4 Things CEOs Don’t Know About Their Service Delivery Team
Did you know the fate of your organization’s efficiency rests on the shoulders of its service delivery team? Most CEOs recognize this team is essential, but might be in the dark about how far they actually go to keep your company running smoothly and your customers satisfied. To help leaders become more in tune with service delivery, today we’re going to shed some light on the subject.
Service delivery is carried out by an elite team of IT professionals and facilities professionals who oversee all things related to workspace, assets, technology and resources. This team is responsible for how the work environment supports employees and, ultimately, how productive and efficient the workforce is at providing quality service.
Peripherally, the service delivery team also balances the goals and expectations of your organization’s three key stakeholders — its employees, customers and shareholders.
The service delivery team’s core mission: to meet the needs of each employee, optimize internal processes and create a human-centric facility. In doing so, they bolster the performance of their entire organization to consistently and sustainably deliver quality service to the customer.
The service delivery team juggles dozens of tasks each day, including:
- Monitoring building systems
- Responding to work orders and service requests
- Analyzing how workspace supports productivity
- Keeping all technology updated and secure
- Coordinating with third-party vendors
- Optimizing resource utilization
- Continually improving processes
It’s a big job, which is why there seems to be so much mystique around what these professionals actually do. Here are four more things CEOs should know about their service delivery team.
1. There’s Been a Significant Shift in Focus
Employee satisfaction has everything to do with the success of your business. With this in mind, service delivery teams aren’t just concentrating on what the workforce needs to perform well, they’re fixated on how employees want to interact with their environment.
For example, it’s not enough to provide a state-of-the-art multimedia room. This space must also be accessible to different employees at different times, and properly located within the floor plan so as not to disrupt workflow. The equipment must also be kept updated and in reliable working order. When operations align with human behavior and preference, service delivery teams see improved output in terms of quality, efficiency and innovation.
2. Your Service Delivery Team Depends on Technology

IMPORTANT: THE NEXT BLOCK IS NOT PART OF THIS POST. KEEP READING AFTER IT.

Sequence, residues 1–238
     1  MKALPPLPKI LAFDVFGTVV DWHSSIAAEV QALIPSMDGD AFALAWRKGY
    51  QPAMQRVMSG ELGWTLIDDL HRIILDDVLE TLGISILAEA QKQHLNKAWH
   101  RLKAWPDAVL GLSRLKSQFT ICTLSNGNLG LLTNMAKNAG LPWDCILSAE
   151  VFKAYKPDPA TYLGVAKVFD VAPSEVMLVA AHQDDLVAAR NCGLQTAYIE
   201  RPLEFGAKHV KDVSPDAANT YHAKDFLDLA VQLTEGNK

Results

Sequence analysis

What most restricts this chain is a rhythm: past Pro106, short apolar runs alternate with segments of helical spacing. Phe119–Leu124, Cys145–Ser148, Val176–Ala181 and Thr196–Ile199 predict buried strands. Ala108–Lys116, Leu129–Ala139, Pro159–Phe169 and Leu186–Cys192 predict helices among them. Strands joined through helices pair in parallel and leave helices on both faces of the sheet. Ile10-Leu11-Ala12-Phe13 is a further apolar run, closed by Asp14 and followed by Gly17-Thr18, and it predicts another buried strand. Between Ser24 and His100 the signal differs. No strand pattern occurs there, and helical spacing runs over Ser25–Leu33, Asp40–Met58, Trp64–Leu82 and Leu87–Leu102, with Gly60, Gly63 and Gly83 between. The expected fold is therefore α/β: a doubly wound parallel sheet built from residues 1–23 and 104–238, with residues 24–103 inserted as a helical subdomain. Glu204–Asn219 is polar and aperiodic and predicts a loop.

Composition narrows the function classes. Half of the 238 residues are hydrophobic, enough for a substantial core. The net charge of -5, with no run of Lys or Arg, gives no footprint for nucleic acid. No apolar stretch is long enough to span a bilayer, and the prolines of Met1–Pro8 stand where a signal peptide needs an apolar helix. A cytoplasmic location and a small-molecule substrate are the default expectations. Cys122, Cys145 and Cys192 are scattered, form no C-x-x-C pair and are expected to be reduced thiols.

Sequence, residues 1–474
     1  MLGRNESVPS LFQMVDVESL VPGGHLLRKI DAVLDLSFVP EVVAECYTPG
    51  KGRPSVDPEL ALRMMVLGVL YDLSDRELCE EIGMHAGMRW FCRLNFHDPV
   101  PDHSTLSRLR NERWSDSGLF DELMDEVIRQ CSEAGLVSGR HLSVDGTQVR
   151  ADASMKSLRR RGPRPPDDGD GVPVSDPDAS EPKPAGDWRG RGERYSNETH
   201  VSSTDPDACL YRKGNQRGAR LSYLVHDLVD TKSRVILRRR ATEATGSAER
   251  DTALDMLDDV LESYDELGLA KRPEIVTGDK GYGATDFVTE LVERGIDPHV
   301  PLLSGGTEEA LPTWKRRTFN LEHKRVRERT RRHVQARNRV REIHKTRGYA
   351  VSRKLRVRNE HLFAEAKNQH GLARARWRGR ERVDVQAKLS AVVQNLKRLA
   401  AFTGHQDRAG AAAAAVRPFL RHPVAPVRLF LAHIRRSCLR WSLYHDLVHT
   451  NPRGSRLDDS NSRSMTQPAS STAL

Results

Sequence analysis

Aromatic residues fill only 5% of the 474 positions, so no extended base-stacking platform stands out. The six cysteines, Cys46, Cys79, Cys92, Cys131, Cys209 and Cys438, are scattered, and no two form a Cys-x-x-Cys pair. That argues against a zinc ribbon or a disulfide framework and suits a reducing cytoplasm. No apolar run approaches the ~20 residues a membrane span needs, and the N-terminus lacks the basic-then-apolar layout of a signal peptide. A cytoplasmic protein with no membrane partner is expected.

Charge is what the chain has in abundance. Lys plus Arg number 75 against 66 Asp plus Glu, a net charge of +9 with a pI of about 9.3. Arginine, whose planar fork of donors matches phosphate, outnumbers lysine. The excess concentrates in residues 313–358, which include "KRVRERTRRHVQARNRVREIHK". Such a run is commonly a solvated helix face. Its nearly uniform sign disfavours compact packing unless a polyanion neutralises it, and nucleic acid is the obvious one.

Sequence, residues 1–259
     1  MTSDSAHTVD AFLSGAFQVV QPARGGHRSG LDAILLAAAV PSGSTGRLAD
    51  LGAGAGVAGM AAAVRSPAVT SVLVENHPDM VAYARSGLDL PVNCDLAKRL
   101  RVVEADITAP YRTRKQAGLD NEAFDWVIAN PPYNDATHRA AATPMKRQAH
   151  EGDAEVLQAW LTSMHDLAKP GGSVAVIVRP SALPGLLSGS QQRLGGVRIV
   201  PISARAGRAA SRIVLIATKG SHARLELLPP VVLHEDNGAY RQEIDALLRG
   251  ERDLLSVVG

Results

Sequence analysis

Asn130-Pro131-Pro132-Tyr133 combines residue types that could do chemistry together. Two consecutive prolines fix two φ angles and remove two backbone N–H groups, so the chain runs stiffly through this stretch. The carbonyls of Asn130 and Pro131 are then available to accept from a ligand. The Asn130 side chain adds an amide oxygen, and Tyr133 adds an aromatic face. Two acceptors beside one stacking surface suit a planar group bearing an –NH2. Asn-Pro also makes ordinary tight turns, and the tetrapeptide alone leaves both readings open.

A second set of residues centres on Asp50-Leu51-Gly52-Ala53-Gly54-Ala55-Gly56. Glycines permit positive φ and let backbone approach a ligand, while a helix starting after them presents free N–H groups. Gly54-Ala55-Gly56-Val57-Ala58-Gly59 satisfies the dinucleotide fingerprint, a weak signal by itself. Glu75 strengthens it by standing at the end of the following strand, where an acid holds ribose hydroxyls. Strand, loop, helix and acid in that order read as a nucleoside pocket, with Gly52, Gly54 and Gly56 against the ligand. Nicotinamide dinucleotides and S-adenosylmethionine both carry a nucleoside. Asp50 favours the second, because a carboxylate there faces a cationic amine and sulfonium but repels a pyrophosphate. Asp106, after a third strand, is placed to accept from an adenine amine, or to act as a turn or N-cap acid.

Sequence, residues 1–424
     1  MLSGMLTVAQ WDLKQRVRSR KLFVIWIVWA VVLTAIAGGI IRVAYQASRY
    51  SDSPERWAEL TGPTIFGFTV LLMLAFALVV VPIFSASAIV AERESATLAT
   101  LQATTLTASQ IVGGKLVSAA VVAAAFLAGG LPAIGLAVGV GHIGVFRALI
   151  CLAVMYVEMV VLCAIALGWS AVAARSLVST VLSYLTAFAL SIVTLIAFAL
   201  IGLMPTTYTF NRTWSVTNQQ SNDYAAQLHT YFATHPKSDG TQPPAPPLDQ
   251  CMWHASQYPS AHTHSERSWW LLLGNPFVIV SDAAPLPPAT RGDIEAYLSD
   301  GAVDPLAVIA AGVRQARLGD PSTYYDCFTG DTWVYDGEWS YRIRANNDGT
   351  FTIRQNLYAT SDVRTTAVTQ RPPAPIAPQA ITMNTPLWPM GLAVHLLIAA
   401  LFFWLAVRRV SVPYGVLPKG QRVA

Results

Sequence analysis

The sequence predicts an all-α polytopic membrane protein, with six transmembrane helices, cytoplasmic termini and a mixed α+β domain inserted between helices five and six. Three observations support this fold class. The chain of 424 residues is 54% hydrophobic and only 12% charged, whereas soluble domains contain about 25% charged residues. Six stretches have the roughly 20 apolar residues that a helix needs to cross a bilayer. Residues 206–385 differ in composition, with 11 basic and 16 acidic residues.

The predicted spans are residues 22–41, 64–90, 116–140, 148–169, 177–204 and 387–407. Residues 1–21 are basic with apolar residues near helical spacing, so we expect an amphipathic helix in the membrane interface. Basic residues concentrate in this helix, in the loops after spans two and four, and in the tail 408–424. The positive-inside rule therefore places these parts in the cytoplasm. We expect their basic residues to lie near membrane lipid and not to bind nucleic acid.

Manual forms of tracking and managing (like spreadsheets and gut instinct) might have cut it years ago. But with today’s technology (like the Internet of Things, or IoT) these forms of task management make about as much sense as riding horseback to the grocery store. When technologies are properly integrated, your service delivery team works from real-time automated data that provides deep-level insight into every moving part of their organization, including:
- How employees interact with space
- How employees consume resources
- How employees utilize assets
- The location and health of every asset
- The vitality of building systems
Service delivery has become a calculated science. Service delivery teams can make split-second decisions with incredible accuracy, forecast demands and take a preventative approach to maintenance.
The result is a work environment that rarely experiences the downtime or resource issues that prevent employees from doing their jobs. Organizations also gain a deep understanding of trends, demand ebbs and flows and inefficiencies — which can be corrected as workplace behaviors change.
3. There’s a Method to Your Service Delivery Team’s Madness
Most CEOs are aware their service delivery team follows a process to impart necessary change, but they don’t realize how much of that process depends on user participation.
Your service delivery team follows a process called the “service innovation lifecycle model” to perfect service design and service management. Each phase of the service innovation lifecycle is paramount to their core mission: to meet the needs of each individual employee, optimize internal processes and improve the customer experience.
Fulfilling this mission is impossible without an accurate and thorough understanding of human behavior. This requires user participation, especially during the discovery, deployment and improvement phases of the service innovation lifecycle. The better your service delivery team understands your workforce, the more able they are to design your facility landscape around employee behavior and nudge employees toward greater productivity through service design.
4. Empower Your Service Delivery Teams in 2017
Your service delivery team is up against rapid change as the workplace landscape becomes increasingly complex. To support their core mission in 2017, they need greater support from C-suite, and the right integrated workplace management system (IWMS) software in place to monitor and manage all moving parts. They also need a strong culture on which to design service delivery.
Ask yourself, what principles, work habits and values does your organization represent? And how is your workforce delivering these cultural standards to the customer?
Finally, enforce their initiatives. Autocratic leadership, which starts with the CEO, sets a clear direction for the organization and promotes progress. It also empowers management at other tiers to carry out mission-critical changes.
By better understanding your service delivery team, you can offer the support they need to be even more powerful in ensuring your workplace runs smoothly.